Even with a “regular job,” Smith said there was no real security at H-P. Shortly after he joined the company, the bottom fell out of the economy and the layoffs began. “We went from four floors of employees to two,” Smith said. “We had waves of layoffs every nine months. I survived four of them.”

His number finally came up in April of this year. By then, he already had the idea of opening Almost Music. “I knew a record store could be successful if I did it right,” Smith said. “Even before I got laid off, Sarah said, ‘You have to do it.’ She knew I hated sitting in a cubical all day. Once I got laid off, there was no excuse not to.”

Smith already had begun accumulating inventory when the storefront became available. Located a few blocks west of the heart of Benson, Almost Music shares the space with Solid Jackson Books, a satellite location of Jackson Street Booksellers. The bookstore’s name is an homage to ‘90s rock band Solid Jackson, which released a record on a label run by Deden and Joyner.

“I really wanted to do something like The Antiquarium, where it’s not just a retail shop, it’s a place to hang out and have discussions and have a cup of coffee,” Smith said. “That wasn’t feasible without the bookstore.”

Open Tuesday through Saturday from 10 a.m. to 7 p.m. and Sunday from noon to 6, Almost Music sells an eclectic mix of vinyl — everything from high-end collectables (a Sun Ra album from 1968 is priced at $350) to clean, cheap copies of albums by bands like The Go Go’s and Fleetwood Mac.

“I try to make it a well-curated selection,” Smith said. “The Antiquarium did the same thing. We had our cheap section and kept the good stuff separate. Ninety-eight percent of our albums is really clean and in nice shape. You don’t have to check the condition.”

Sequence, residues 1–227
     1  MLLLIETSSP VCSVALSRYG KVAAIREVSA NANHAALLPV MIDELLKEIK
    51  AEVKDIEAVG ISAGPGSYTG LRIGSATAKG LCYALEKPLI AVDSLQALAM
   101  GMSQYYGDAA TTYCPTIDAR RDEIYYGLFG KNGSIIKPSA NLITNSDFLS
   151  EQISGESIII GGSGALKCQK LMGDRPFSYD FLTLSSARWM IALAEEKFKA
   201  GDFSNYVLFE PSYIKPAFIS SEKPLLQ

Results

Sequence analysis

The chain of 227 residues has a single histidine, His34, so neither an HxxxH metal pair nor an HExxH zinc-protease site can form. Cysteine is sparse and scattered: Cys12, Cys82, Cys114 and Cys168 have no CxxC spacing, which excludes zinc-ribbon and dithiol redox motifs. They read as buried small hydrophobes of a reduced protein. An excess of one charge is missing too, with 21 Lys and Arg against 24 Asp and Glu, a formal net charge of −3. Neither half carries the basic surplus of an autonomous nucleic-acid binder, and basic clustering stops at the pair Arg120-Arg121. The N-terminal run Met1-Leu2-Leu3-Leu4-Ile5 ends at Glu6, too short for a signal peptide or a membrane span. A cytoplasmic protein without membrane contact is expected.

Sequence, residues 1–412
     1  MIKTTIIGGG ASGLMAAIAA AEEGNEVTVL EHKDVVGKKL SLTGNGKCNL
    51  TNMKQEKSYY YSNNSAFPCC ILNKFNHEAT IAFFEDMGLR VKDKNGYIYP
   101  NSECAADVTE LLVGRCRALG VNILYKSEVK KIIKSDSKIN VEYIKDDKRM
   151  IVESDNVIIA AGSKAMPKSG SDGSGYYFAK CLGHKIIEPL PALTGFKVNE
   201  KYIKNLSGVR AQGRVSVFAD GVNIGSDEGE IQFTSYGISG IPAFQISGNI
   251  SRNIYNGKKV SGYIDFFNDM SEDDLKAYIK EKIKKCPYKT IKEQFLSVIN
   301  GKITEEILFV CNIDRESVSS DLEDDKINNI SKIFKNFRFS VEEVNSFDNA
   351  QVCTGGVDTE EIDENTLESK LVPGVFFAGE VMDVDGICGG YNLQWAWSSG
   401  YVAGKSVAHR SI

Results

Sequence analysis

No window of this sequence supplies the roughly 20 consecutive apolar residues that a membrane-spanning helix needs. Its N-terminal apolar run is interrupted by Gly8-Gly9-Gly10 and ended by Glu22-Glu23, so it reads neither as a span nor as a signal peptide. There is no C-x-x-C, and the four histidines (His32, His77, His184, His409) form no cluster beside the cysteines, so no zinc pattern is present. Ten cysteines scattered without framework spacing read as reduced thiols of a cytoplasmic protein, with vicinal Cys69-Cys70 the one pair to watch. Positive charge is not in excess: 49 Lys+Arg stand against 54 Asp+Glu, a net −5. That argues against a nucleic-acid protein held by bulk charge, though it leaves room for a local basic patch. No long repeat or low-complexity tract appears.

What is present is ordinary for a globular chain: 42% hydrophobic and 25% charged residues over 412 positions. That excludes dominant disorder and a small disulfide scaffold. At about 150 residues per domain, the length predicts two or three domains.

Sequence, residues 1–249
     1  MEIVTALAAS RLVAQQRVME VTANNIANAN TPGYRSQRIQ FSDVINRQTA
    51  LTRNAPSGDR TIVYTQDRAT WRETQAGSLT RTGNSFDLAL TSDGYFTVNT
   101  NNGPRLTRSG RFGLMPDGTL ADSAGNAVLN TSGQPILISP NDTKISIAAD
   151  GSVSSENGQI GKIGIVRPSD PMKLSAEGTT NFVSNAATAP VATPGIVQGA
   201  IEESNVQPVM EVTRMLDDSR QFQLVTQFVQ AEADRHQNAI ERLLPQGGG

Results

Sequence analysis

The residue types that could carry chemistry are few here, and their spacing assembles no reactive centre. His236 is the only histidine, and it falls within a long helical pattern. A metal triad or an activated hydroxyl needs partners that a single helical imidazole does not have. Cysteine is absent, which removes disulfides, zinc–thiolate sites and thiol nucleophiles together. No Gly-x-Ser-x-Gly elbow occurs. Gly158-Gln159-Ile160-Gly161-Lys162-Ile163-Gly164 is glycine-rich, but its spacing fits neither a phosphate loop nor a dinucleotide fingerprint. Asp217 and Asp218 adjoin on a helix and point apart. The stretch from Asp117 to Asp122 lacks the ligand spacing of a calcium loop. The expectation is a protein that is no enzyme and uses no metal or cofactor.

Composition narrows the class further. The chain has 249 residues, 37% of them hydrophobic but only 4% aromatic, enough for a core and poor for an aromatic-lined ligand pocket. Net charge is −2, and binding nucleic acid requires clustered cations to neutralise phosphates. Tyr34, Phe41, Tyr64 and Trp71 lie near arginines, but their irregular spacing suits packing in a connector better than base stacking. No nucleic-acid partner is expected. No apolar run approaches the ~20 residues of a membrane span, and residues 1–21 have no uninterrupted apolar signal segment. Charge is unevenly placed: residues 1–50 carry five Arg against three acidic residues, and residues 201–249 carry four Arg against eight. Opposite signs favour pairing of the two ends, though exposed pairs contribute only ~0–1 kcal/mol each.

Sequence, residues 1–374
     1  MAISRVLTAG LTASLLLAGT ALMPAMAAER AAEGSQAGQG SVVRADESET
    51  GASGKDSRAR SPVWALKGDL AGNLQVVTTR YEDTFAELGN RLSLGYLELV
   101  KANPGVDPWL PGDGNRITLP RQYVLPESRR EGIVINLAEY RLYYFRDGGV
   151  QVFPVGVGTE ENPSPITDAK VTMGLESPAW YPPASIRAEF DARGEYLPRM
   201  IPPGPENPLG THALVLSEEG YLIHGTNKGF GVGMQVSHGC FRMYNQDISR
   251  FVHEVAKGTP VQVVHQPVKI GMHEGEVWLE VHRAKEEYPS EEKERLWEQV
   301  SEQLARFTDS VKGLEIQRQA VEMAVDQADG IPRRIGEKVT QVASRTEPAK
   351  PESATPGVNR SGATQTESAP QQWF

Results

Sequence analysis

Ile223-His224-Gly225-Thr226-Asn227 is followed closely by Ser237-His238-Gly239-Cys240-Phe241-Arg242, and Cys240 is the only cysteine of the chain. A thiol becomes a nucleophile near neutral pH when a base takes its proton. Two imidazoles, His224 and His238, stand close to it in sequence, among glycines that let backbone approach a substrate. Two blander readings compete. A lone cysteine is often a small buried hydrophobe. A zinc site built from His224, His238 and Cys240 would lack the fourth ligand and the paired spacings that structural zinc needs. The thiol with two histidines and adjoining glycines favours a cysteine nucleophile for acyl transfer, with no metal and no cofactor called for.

On a trip to Almost Music last weekend I picked up a rare copy of a Smiths 12-inch single (“Barbarism Begins at Home” b/w “Shakespeare’s Sister”) and Richard Thompson’s Hand of Kindness LP, while Teresa snagged Claudine Longet’s debut album and Queen’s The Game, both for $2.

It’s only been open three weeks but the shop is already doing well. Smith said the store isn’t the couple’s only source of income. Sarah also has a part-time job, and they both intend to take advantage of insurance available through the Affordable Care Act (a.k.a. Obamacare).

Still, was opening the store scary?

“Oh yeah,” Smith said. “I kept looking for a job I couldn’t say ‘no’ to. It never happened because my heart was never in it. My heart was in this.”

Almost Music and Solid Jackson Bookstore celebrate their official Grand Opening this Saturday, Oct. 19, from 7 to 10 p.m. . Festivities include live performances by Simon Joyner and Noah Sterba of The Yuppies. Come on down, have a cup of coffee and listen to some good music.

Over The Edge is a weekly column by Reader senior contributing writer Tim McMahan focused on culture, society, the media and the arts. Email Tim at

First published in The Reader, Oct. 17, 2103. Copyright © 2013 Tim McMahan. All rights reserved.

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The bar-hopping begins tonight at Lincoln Calling as the festival will be in full multi-venue mode with acts performing at six venues throughout the Star City.